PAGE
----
Bill to make Youth Risk Behavior Survey opt-in stalls this year

By Danielle Ray
July 17th, 2022
National Alliance on Mental Illness New Hampshire (NAMI NH) Executive Director Susan Stearns
National Alliance on Mental Illness New Hampshire (NAMI NH) Executive Director Susan Stearns

Although New Hampshire House Bill 1639 to make the Youth Risk Behavior Survey (YRBS) in schools opt-in instead of opt-out is now off the table this year, individuals on both sides of the issue have strong views when it comes to either potential outcome down the road.

The Youth Risk Behavior Surveillance System (YRBSS) was developed by the Centers for Disease Control and Prevention (CDC) as an opt-out program to maximize participation and expand data collection as widely as possible.

Through a system of surveys including a national school-based survey and local surveys conducted by state, territorial, and local education and health agencies and tribal governments, it monitors six categories of health-related behaviors that contribute to the leading causes of death and disability among youth and adults.

National and state health and education officials use this anonymous data to track trends and develop health systems and policies to prevent and address risky and unhealthy behavior in high school students. The CDC recently completed a nationwide survey of more than 7,700 high school students. They found a third stated they experienced stress, anxiety, or depression during the COVID-19 pandemic and nearly a fifth reported seriously considering suicide.

The bill, introduced on Jan. 5, 2022 and sponsored by State Representatives Ralph Boehm (R-Hillsborough County District 20) and Glenn Cordelli (R-Carroll County District 4), would require a school board to annually approve the YRBS before administering the survey to students and requires a parent or legal guardian to opt-in to participation in the survey.

“Organizations like NAMI NH use this data to help demonstrate the need for such funding and to develop interventions and trainings that target schools and communities with youth at the greatest risk.” --Susan Stearns, NAMI NH executive director

The NH House and NH Senate held a committee of conference on the YRBS bill on May 17 and were not able to come to an agreement regarding the differences in their positions. Therefore, it will not be going forward this year.

National Alliance on Mental Illness New Hampshire (NAMI NH) Executive Director Susan Stearns said her organization “is pleased that the YRBS will remain an opt out survey, as it has always been, so that “the voices of New Hampshire’s most vulnerable youth can be heard.”

“The YRBS data is essential in leveraging grant funding to address issues like youth suicide prevention here in New Hampshire,” she said. “Organizations like NAMI NH use this data to help demonstrate the need for such funding and to develop interventions and trainings that target schools and communities with youth at the greatest risk.”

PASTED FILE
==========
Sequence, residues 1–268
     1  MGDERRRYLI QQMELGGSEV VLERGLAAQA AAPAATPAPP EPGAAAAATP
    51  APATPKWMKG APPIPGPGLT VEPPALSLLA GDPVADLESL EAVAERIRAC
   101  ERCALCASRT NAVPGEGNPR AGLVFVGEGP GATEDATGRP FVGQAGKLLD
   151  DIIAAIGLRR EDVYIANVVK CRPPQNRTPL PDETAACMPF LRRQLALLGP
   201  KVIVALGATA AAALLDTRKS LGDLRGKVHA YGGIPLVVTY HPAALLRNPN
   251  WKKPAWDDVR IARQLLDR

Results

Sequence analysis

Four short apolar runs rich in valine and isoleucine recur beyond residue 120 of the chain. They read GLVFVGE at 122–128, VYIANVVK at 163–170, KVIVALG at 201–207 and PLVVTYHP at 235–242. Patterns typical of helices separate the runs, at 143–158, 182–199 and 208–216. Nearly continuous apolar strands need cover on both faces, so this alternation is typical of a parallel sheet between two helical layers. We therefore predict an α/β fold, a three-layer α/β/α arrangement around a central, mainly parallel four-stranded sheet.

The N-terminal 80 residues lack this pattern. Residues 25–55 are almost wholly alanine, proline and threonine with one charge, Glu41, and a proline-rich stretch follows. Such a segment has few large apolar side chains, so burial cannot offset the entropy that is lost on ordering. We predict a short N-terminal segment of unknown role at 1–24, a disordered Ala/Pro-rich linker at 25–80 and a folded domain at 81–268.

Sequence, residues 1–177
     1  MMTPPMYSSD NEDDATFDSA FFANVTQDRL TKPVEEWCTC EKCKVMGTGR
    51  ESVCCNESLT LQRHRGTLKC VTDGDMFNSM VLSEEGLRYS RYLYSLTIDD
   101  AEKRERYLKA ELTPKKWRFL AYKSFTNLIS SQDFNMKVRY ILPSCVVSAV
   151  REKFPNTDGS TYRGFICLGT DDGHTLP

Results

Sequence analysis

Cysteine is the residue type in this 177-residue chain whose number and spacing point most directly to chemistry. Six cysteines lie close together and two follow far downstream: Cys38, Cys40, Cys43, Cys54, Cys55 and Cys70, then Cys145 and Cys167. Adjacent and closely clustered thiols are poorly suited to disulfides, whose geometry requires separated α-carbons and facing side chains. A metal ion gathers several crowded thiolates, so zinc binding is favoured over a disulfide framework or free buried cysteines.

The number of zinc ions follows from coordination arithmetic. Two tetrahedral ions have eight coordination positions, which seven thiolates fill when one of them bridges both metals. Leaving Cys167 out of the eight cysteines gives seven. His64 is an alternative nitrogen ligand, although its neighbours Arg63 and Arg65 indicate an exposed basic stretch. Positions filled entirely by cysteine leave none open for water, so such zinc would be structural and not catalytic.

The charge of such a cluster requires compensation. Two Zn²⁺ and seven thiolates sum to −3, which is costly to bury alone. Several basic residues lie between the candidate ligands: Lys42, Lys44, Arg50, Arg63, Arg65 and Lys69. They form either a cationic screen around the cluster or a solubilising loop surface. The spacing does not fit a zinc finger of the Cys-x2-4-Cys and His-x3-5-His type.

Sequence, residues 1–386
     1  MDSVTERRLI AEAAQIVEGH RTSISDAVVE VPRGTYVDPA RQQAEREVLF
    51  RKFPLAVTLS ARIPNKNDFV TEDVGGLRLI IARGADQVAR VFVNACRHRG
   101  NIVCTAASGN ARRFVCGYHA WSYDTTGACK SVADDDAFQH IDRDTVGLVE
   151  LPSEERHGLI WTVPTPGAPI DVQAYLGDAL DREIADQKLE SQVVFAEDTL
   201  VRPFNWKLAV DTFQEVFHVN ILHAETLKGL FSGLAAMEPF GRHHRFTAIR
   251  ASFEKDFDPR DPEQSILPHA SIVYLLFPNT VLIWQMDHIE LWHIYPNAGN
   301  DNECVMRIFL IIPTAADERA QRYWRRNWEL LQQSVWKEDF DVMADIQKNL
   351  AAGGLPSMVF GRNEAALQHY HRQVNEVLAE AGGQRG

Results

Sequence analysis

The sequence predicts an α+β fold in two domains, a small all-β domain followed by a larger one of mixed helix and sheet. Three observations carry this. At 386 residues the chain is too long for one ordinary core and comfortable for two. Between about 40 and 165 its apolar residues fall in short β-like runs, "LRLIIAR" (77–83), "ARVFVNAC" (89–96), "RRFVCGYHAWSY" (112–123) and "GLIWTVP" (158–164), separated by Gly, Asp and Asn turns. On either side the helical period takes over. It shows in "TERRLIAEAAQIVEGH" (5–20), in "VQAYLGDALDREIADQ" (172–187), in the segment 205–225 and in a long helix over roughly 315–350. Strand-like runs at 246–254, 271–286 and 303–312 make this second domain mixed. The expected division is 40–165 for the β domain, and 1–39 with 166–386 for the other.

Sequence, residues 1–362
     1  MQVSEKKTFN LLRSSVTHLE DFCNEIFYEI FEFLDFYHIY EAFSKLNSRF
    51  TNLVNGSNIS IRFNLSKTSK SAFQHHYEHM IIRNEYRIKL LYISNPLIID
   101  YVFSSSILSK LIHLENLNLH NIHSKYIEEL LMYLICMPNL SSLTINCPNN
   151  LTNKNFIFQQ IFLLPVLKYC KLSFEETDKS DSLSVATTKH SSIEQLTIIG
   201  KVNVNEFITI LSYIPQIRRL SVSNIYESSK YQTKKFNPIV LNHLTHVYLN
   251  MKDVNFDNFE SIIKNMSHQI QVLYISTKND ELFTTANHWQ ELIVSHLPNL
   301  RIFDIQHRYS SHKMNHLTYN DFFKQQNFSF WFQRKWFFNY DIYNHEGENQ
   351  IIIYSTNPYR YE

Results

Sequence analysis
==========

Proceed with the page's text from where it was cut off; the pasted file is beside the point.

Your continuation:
NAMI NH is a grassroots nonprofit agency that offers support, education, and advocacy for individuals, families, and communities affected by mental illness and suicide. It has used YRBS data to successfully apply for a Youth Suicide Prevention grant from SAMHSA.

“Without this data, NAMI NH and its mental health partners would struggle to obtain the information necessary to demonstrate to funders that there is a need for suicide prevention and other mental health programing in the schools,” Stearns said. “Most significantly, we would lose the voice of New Hampshire youth and be unable to effectively respond just as our young people are struggling more than ever.”

For the bill sponsors the issue is monetary. Boehm, who was the original sponsor of the bill a year ago, said he feels “all non-academic surveys should be opt-in.”

“It serves no purpose other than wasting time and wasting taxpayer’s money. If it was opt-in, then parents would actually look at the survey.” --Ralph Boehm, NH state representative

“Schools were being paid to do the survey,” Boehm said. “I see that as selling information.”

In addition, he said the survey is not as anonymous – or accurate – as people believe, noting a mother who testified that her son put down that he was a Black female.

“The problem with YRBS is that you can pretty much determine what kid it is and what kid is on drugs,” Boehm said. “When I was on the school board, all the kids were taking it as a joke and putting in ridiculous answers – and this is going on across the state. I think maybe one third of the answers are real.”

He said organizations such as the New Hampshire Association of Chiefs of Police “want it mainly because they are getting money” and that “the studies are meaningless to prove they need jobs and to get grants.”

“It serves no purpose other than wasting time and wasting taxpayer’s money,” Boehm said. “If it was opt-in, then parents would actually look at the survey.”

He said they plan to make some changes to the bill and get some new sponsors, including “five new senators that will be there next year.”

“We in the House are listening to the people. The Senate is listening to the lobbyists,” Boehm said. “They give very little credit to parent and the citizens. This is something I have been fighting for years.”

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